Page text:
There are plenty of other layouts you can experiment with. We like banquet-style tables that are great for networking and collaborative working.
Whichever layout you decide works best for your needs, remember to space out managers among regular workers to challenge the intimidating hierarchical structure, creating a more comfortable environment.
A great meeting space table will have access to ports for power, Ethernet, and even to link up to the room’s display and other hardware. These needn’t be expensive all-in-one desks - floor-mounted connections are just as effective.
Conference and huddle rooms have long used uniform designs with little creativity, which means there is a great opportunity to spruce up your room.
Be adventurous with the design and experiment with materials and colors that you don’t tend to use in the rest of the office. Conference rooms should inspire creativity, and where better to instill this than a themed room that helps to build a positive mood.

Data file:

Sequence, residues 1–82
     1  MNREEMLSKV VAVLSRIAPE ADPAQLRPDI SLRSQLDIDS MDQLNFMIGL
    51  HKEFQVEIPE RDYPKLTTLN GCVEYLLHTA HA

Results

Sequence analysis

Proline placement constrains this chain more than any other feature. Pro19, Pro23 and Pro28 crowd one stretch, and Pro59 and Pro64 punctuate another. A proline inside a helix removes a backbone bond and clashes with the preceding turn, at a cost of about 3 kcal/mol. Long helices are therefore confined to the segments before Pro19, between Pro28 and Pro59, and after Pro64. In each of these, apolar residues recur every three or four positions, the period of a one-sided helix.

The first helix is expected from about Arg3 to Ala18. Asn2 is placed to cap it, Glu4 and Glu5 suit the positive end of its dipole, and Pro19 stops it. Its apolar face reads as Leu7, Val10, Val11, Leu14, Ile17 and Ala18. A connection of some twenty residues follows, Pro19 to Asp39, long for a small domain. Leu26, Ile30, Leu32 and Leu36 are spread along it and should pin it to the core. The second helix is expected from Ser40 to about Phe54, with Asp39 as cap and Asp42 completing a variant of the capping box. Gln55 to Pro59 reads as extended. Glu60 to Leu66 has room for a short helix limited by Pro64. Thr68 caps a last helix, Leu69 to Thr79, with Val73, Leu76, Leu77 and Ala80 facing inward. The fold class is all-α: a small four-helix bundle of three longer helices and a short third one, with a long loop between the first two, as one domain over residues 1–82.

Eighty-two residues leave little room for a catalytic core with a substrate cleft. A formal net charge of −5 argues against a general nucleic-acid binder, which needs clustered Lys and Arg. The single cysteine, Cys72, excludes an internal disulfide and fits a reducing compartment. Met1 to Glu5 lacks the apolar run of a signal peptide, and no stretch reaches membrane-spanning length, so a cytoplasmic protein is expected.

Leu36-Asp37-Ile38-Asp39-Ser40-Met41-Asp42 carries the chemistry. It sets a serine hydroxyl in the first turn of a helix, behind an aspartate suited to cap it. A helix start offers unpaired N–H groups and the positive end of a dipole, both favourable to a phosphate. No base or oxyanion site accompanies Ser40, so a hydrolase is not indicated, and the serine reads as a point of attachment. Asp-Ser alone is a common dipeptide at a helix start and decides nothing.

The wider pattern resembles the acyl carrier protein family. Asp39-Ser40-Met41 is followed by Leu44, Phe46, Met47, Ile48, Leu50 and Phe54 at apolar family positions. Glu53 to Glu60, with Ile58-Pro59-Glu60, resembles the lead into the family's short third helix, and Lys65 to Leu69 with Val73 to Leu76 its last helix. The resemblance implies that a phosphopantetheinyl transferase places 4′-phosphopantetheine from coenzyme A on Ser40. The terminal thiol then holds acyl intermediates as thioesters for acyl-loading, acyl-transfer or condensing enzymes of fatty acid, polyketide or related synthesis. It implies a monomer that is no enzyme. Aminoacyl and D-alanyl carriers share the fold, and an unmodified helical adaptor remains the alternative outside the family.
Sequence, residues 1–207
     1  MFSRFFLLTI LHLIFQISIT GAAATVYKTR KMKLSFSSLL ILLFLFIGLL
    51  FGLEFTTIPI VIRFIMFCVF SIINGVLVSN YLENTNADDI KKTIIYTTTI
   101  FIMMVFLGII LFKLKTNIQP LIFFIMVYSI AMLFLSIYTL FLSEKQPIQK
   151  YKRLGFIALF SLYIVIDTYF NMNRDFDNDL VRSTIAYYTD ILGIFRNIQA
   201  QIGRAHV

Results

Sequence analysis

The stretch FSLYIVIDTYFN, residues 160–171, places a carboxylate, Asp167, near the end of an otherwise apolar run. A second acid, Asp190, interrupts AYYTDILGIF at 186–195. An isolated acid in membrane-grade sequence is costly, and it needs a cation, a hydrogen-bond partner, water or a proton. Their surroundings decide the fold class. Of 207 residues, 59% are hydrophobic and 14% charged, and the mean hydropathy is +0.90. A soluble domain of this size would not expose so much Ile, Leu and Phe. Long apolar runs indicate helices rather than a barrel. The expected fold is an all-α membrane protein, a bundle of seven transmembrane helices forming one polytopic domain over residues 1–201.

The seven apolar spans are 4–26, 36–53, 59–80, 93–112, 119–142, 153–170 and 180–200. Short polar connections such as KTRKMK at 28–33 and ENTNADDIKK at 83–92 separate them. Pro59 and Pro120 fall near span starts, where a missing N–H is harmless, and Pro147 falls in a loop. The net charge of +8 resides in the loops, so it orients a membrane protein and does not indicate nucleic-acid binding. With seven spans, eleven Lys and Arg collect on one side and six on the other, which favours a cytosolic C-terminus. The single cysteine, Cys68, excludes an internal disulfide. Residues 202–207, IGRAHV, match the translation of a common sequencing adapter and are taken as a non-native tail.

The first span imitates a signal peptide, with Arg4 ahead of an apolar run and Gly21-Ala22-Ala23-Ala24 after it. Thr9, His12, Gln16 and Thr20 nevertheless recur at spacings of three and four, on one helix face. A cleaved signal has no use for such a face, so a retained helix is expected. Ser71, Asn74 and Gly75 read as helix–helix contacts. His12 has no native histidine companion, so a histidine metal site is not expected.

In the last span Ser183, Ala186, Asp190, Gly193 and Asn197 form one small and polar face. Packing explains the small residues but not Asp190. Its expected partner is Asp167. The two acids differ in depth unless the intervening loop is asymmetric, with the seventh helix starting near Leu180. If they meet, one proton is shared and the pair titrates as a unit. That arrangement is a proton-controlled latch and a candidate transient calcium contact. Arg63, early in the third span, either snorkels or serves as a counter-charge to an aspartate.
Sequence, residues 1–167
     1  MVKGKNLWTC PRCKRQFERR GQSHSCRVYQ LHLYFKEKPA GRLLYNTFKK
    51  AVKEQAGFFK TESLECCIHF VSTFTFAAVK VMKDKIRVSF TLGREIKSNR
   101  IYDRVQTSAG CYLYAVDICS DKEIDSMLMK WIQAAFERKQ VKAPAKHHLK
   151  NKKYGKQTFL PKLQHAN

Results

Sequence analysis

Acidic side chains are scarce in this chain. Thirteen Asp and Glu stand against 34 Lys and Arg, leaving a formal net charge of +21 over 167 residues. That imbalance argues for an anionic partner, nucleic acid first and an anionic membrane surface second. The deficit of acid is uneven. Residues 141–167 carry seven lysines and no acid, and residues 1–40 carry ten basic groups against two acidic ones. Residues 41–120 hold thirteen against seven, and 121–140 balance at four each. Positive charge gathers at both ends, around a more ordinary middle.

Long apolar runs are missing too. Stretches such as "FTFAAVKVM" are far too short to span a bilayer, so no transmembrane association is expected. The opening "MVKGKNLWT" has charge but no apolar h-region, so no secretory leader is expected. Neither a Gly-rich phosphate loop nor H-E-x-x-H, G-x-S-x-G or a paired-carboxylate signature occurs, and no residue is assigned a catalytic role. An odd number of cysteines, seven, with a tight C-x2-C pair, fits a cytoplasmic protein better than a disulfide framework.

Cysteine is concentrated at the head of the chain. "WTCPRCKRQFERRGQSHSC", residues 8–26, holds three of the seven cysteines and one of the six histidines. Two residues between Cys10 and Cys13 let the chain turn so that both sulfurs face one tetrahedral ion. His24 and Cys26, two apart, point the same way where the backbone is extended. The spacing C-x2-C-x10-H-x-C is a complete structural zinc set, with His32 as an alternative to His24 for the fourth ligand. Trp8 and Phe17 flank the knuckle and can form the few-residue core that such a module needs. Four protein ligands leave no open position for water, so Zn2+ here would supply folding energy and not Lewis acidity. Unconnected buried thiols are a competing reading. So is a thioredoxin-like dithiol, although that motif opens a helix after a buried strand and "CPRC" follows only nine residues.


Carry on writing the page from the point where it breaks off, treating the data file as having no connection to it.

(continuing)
Conference rooms can be harsh places, so using homely decorations can help to soften any room. A worker who feels more comfortable is more likely to be productive and have valuable input. A simple way to do this is to install mood lighting, whether that’s smart light strips or bistro-like low-hanging pendants.
Avoid distracting designs and furniture, and remember never to choose form over function. Any office chair, for example, should be ergonomical and supportive, while office desks should be spacious enough for a worker’s computing device, notebook and a drink, at minimum.
Create the perfect environment
Regardless of the room’s interior design and layout, any space should be isolated enough to avoid external distractions.
If you’re building new, consider placing your space away from office hotspots and social areas to reduce distractions and the infiltration of outside noises.
There are still ideas to implement if you’re using an existing space. If you’re renovating, adding extra soundproofing insulation can pay dividends. In order to prevent the room from being too dark, add windows with an opaque coating. This softens the light while minimizing distractions from people walking by.